Experts suggest staying positive and focusing on health, not weight. It was comforting to read that at this age (8) there is a good chance she will outgrow her concern. She is most likely reacting to peer pressure and self-consciousness rather than developing any type of disorder. While she may be picking up concerns from peers or the media, she is not likely to fully internalize these harmful messages as adolescent might do.

So how do I address this issue without intensifying or morphing it into an eating disorder? Here are a few tips…

  • Speak your message calmly and consistently (even if she disagrees with you)
  • Talk about different body types and that people come in all shapes and sizes. Some heavy people may be more fit just as someone who is thin may not be healthy.
  • Concentrate on being healthy through proper nutrition and exercising, rather than focusing on numbers or appearance

But it is more than just worrying about Lexie’s self-image. I don’t want her to be making comments to those who are not as fit as she is. A few years ago, it was not uncommon for her to point out to me people who were old, bald or fat. I don’t know that she thought of them as “bad” necessarily but did notice the difference in people. While we have always discouraged her from pointing out these physical differences, I don’t want her to shun people because they look different whether it be extra weight, that they wear glasses or have some sort of deformity. Sometimes these things are not choices the person can make.

I don’t want her to focus so much on appearance but to be able to see the person beyond. The chubby girl in her class can be creative, funny, serious, scared or a number of things. Most importantly, she can be a good friend. She needs to understand that no matter your weight, you are a valuable person.

And studies have shown that by fifth or sixth grade, the stigma that fat people are bad or inferior is often already ingrained in kids’ minds. Suggestions that I read said to ask questions such as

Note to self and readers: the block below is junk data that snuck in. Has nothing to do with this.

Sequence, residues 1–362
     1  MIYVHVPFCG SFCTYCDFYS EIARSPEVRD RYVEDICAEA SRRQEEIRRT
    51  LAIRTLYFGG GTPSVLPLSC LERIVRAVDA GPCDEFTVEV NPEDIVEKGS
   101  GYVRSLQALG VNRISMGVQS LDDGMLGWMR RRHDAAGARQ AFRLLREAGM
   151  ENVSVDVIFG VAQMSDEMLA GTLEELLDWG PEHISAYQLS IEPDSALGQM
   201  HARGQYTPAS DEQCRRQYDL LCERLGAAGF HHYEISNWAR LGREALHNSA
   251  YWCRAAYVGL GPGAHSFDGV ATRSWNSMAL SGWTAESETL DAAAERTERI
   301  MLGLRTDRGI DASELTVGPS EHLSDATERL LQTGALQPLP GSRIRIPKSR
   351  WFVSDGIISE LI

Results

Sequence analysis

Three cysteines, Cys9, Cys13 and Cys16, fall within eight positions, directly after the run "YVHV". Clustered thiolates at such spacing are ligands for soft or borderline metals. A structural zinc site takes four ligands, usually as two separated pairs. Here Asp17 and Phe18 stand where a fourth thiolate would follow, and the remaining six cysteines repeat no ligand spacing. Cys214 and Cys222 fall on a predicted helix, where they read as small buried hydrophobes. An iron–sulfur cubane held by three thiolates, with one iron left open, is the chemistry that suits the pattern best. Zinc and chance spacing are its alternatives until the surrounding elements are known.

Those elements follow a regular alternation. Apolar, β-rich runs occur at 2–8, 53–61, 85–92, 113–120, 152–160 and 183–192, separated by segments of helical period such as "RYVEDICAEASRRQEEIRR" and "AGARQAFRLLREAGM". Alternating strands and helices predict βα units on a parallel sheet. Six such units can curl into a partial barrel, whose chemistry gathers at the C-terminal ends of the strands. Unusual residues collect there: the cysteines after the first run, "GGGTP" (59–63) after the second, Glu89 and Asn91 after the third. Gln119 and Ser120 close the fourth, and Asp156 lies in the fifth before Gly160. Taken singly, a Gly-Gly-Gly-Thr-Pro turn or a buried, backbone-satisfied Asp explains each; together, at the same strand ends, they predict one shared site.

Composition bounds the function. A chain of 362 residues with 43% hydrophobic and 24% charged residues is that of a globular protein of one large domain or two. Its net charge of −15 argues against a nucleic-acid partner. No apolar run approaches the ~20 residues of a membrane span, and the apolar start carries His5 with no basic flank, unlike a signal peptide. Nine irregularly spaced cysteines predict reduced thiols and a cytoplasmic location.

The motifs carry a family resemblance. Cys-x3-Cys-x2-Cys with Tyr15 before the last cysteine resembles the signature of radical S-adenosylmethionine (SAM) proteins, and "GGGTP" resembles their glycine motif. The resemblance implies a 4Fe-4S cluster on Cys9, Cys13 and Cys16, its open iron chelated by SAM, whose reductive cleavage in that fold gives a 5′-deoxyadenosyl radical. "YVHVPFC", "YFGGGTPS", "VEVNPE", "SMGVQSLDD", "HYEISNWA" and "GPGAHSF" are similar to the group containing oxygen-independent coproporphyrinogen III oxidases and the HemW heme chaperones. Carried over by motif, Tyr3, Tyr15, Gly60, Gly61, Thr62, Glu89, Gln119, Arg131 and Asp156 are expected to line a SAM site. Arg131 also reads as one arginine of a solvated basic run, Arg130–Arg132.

• Does body weight have anything to do with whether a person is kind or mean?
  • Can you tell what a person is like just by his or her body size?
  • (when reading) How do you think the character felt when she was teased about her weight? If you saw someone being teased like this character was, how could you help him?

The hard thing is that people often do tease one another about their looks or behavior. And while someone may think it is just playfulness it can truly hurt and it can affect a child’s self-image.

Almost everything I read emphasized that our own attitudes about food and body shape impact our kids’ relationship with weight. So while I have been trying to lose some weight over the past few months, I need to be careful how Lexie perceives this. (And the bad thing is I have been focusing on the scale and how much I weigh more than I should.)

Tanning

Lexie has all of sudden shown an interest in tanning. Not using a tanning bed, but she has mentioned laying out to get a tan while we are at the pool. Now I remember doing this too as a teenager. But of course I didn’t realize any of the dangers of tanning. While I think there is nothing wrong with a tan (you will get one just by being active outside), I am not too keen on my 8-year-old focusing on it or laying out to get one.